|Historic Centre of Vienna *|
|Criteria||ii, iv, vi|
|Inscription||2001 (25th Session)|
|State Coat of Arms|
|Community Identification Number:||90101–92301|
|Postal codes:||1010–1239, 1400, 1450|
|State Flag of Vienna|
|Map: Vienna in Austria|
|Mayor and governor||Michael Häupl (SPÖ)|
|Governing Parties||SPÖ and Greens|
|Seats in the Municipal Council
|Last Election:||10 October 2010|
|Next Election:||October 2015|
2,165,357 metro area
|- percent land:||395.51 km² (95,33%)|
|- percent water:||19.39 km² (4,67%)|
|Dimensions:||North-South: 22.4 km
East-West: 29.2 km
|Highest Point:||543 m
|Lowest Point:||151 m
|Map: Districts of Vienna|
History[change | edit source]
The history of the city goes back to the Roman Empire. The Romans started a military camp called Vindobona. The camp was in today's first district on the Danube river. The name came from the Celts, so there was probably a Celtic settlement before the Roman invasion. The Romans stayed until the 5th century. In medivial times, the settlement was still in use. The name was mentioned in 881 in the Salzburger Annalen, where a battle ad weniam is mentioned.
In 976 the Babenberger became rulers of the area. They made Vienna their capital in 1155. Vienna was already an important city. In 1156, Austria became a Duchy, and Vienna was where the Duke who was in charge of the Duchy lived. In 1221, Vienna got the municipal law and is the second oldest city in Austria (Enns, in Upper Austria, is the oldest).
In 1278, the Duchy came to the Habsburg family. Duke Rudolf IV started the university in 1365 and while he was in charge, the nave of the Gothic St. Stephans cathedral was built. Quarrels within the Hapsburg family caused an economic decline in Vienna. In 1438, Vienna became the residence town of the Holy Roman Empire.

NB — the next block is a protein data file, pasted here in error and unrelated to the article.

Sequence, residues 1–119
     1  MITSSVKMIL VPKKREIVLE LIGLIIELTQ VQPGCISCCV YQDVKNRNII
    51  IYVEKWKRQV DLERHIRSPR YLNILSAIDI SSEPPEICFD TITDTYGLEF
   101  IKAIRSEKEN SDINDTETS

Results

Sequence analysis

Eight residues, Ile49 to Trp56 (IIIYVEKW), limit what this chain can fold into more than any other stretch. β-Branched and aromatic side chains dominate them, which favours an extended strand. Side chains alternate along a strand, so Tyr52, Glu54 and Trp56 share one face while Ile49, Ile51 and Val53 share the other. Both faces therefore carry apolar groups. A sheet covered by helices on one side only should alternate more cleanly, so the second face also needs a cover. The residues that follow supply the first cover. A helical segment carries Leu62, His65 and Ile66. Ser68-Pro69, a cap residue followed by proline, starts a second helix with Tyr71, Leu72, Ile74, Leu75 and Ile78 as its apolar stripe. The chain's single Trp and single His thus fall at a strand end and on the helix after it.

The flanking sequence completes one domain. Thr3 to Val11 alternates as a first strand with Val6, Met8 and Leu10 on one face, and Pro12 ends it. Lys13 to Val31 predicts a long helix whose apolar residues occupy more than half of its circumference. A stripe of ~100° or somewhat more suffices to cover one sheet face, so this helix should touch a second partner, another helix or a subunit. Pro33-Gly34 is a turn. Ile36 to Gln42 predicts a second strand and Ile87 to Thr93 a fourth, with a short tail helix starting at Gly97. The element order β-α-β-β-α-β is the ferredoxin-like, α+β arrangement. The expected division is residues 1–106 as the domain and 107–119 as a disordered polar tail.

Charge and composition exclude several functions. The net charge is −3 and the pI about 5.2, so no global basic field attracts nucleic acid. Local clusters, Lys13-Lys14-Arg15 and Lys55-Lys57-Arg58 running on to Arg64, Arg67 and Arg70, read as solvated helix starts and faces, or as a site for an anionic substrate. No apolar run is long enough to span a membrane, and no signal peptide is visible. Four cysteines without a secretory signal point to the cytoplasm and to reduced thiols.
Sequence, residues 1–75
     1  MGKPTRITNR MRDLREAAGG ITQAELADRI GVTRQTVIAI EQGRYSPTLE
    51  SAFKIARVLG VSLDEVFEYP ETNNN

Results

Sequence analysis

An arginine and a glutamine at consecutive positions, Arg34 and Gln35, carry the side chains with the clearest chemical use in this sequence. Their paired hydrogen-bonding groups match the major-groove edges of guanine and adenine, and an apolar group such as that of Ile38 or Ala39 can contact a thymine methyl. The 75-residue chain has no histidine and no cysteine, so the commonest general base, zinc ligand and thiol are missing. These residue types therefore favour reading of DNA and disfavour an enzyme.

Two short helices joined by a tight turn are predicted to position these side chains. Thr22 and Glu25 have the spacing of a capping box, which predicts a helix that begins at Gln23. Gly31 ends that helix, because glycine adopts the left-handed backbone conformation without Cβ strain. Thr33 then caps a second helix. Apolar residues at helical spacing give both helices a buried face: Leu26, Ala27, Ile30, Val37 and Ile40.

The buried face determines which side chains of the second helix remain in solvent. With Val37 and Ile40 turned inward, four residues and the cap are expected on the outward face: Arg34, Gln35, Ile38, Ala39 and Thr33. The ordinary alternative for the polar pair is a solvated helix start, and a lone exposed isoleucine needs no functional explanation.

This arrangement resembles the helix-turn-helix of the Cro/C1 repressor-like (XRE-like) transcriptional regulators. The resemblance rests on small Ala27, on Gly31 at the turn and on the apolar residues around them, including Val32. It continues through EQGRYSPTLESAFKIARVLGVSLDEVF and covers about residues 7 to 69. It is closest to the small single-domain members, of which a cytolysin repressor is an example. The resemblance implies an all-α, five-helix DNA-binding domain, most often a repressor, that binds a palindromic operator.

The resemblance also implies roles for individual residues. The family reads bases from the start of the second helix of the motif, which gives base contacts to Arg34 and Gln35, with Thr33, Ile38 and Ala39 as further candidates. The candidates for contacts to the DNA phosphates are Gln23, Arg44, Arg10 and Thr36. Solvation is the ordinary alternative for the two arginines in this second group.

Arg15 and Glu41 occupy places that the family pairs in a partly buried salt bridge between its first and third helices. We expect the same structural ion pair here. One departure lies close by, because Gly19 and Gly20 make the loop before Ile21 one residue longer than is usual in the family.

During the time of reformation Vienna was a Protestant town, but in the times of the Counter Reformation, Austria and Vienna were mostly Roman Catholic.
In 1529, Vienna was first besieged by the army of the Osman Empire, which had a border only 150 km east of Vienna. This hurt Vienna economically, but led to people fortifying the city (making it stronger). After a second siege, the Osmanic Empire could not take over Vienna, and the city started getting larger.
During the baroque era, Vienna was rebuilt. Many residences for the nobility were built. Johann Bernhard Fischer von Erlach was an important architect in Vienna.
After the revolution in 1848 Franz Joseph I. became emperor of the Austrian empire, which was founded in 1806 after the liquidation of the Holy Roman Empire. He ruled till 1916. Vienna became a center of arts, culture and architecture. The city grew because the suburbs became part of the city. Since 1858 the walls of the city were destroyed and the Ringstraße replaced them. Along these, streets houses of the rich citizens were built, as were public buildings like the city hall and the Burg theatre. The industrialisation started at the beginning of the century and made more people ive there. In 1870, Vienna had one million people, and in 1910, two million people. With the creation of a large working class and poverty in Vienna the Labour Party (Sozialdemokratische Arbeiterpartei) became stronger.
Karl Lueger was the most important mayor in the time of Emperor Franz Josef. During his time important community plans were realized what made Vienna to a modern city. However, Lueger was a radical anti-Semite. He was admired by the young Adolf Hitler, who spent some years before the First World War in Vienna. At this time, Vienna was an important place for the arts. Composers like Arnold Schönberg, Anton Webern, Alban Berg and Ernst Krenek were important for the development of modern music. Also the psychoanalysis was founded in Vienna by Sigmund Freud. Also the so called Jugendstil in arts was part of Vienna's modern arts scene. Founding fathers of modern architecture lived and worked also in Vienna at this time (Otto Wagner, Adolf Loos)